Is involved in a dispute with his future father-in-law. The fight escalates and results in a prison sentence. After his release, Vantongerloo receives a second solo exhibition with sculptures and paintings. On 28 November 1917 he marries Tine (Woutrina) Kalis.
1918 - 1922
In March 1918, Vantongerloo learns about the publication De nieuwe beweging in de schilderkunst by Theo Van Doesburg. Immediately afterwards, Vantongerloo visits Van Doesburg (1883 - 1931).
Begins with his theoretical writings. A first version of Science et Art, an article that appears in July 1918 in De Stijl, under the title of Réflexions. In the series of texts that he makes for De Stijl (1918 - 1920), he abandons the figurative in favour of an abstract aesthetic.
Exhibits the abstract image Construction dans la sphère at the exposition Belgische Moderne Kunst in the Stedelijk Museum of Amsterdam (end of 1918). The work is later replaced with a work by Van Doesburg.
After the armistice, the Vantongerloo couple moves to Brussels. He writes the first chapters of L’art et Son Avenir and begins to assemble his ideas about colours. He visits Gino Severini in 1919 in Paris and corresponds with him afterwards.
In December 1919, De Stijl publishes two works by Vantongerloo, Construction des rapports des volumes. They quickly obtain an iconic status thanks to the distribution by Van Doesburg. Vantongerloo introduces Van Doesburg’s lecture Classique-Baroque-moderne in Antwerp (19 February 1920). It is the beginning of the Pure Plasticism in Flanders.
Moves to Menton (Southern France) for health reasons. On the way he meets Piet Mondriaan for the first time. Embarks upon a study of mathematics.
1923 - 1927
Publication of L’Art et son Avenir in 1924, an edition by De Sikkel Uitgeverij in Antwerp. For several years he is occupied with primarily being a theoretician.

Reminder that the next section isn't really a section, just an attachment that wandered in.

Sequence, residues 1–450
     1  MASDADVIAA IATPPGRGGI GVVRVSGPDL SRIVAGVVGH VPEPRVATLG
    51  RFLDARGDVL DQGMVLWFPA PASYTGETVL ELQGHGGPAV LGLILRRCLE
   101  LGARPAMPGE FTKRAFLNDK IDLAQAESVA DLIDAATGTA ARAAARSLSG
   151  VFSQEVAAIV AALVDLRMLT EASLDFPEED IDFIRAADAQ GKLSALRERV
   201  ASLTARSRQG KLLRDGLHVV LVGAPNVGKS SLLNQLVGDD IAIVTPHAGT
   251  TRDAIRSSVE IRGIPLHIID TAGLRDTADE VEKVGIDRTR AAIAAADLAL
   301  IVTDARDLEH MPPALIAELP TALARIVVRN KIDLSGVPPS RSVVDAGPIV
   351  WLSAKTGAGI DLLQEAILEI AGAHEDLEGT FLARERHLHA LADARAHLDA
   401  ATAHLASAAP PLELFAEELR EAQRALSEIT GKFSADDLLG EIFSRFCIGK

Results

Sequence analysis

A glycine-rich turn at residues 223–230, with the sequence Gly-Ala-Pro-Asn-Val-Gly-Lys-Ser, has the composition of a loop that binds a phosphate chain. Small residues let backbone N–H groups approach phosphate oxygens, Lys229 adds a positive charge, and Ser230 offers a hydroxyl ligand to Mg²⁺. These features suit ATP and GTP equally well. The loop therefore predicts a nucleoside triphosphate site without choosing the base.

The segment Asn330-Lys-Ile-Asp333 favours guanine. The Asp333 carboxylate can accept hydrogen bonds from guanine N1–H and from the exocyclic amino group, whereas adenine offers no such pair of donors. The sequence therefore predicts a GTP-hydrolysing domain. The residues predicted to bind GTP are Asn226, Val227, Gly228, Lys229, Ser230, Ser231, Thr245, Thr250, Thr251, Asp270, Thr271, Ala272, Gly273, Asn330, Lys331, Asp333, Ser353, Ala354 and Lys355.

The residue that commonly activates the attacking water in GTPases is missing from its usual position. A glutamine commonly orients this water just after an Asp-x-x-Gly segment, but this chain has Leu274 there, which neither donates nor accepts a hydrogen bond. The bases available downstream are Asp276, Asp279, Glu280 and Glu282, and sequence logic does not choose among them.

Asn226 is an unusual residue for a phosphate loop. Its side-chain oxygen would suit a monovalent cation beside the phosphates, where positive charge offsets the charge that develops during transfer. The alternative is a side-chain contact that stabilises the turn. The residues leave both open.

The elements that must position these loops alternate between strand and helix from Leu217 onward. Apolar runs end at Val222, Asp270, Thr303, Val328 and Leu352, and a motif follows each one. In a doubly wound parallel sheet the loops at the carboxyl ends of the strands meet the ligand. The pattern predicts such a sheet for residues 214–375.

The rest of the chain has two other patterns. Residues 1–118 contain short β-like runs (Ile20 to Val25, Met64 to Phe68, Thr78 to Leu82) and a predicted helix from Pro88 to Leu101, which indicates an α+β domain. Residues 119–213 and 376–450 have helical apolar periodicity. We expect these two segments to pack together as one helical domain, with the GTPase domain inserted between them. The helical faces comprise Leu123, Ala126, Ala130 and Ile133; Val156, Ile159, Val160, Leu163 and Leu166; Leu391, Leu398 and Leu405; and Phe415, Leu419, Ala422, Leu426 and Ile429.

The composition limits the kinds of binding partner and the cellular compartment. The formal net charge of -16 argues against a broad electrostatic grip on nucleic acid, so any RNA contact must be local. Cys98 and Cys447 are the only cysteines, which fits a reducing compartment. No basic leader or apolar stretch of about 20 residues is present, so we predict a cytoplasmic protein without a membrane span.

Michel Seuphor stays for a few weeks with the Vantongerloo couple in Menton. In 1927, a conflict between Van Doesburg and Mondriaan causes a break with Van Doesburg.
1928 - 1946
Vantongerloo moves from Menton to Paris, whereupon he collaborates with Seuphor in 1930, Mondriaan and Luigi Russolo (1885 - 1947) with the Cercle et Carré exhibition in Galerie 23. In 1931 he becomes Vice-president of the artists association Abstraction-Création, a function that he serves until 1936.
Develops a strong interest for architecture and city building. Corresponds with the Belgian Premier Henri Jaspar regarding a bridge project for the connecting of the Schelde’s bank in Antwerp. His models of bridges and an airport were exhibited at Cercle et Carré and L’Art mural in 1935, inter alia.
Vantongerloo’s titles change in content. Gradually the references shift from geometrical schemes to algebraic formulas. Towards the end of his life, general descriptions, such as Variantes or Courbes, prevail. The introduction of the curve in his paintings from 1937 onwards allows him to create a more open space.
Beginning in 1929, Vantongerloo is taken up in many important exhibitions and his finds an association with the new generation of abstract working artists. A few examples: Abstrakte en Surrealistische Malerei und Plastik (Kunsthaus Zürich, 1929), AC Internationell Utställning av Post-Kubistik Konst (1930, Stockholm), L’Art Mural (Paris, 1935), Cubism and abstract Art (Museum of Modern Art, New York, 1936), Kunsthalle Basel (1937), Abstrakte Kunst (Stedelijk Museum of Amsterdam, 1938), Art Non-Objectif (Galerie Charpentier, Paris, 1939) and 1er Salon des Réalités Nouvelles (Paris, 1946).
1949 - 1964
After WWII, Vantongerloo is highly productive. He exhibits 60 works, along with Max Bill (1908 - 1994) and Antoine Pevsner (1884 - 1962) in the Kunsthaus Zürich.
Declines to participate in the exhibition De eerste abstrakten in België by the group G 58 in the Antwerp Hessenhuis. He also distances himself from Seuphor’s book Abstracte kunst in Vlaanderen (1963).
Uses plastic and Plexiglas for the first time.
Vantongerloo is picked up for a series of overview exhibitions such as Konkrete Kunst—50 Jahre Entwicklung (Helmhaus, Zürich). Takes part in the Biennial for Sculptural Art in Paris in 1960 and in 1962 receives a retrospective exhibition in the Marlborough Fine Art gallery in London.
Vantongerloo dies in Paris on 5 October 1965.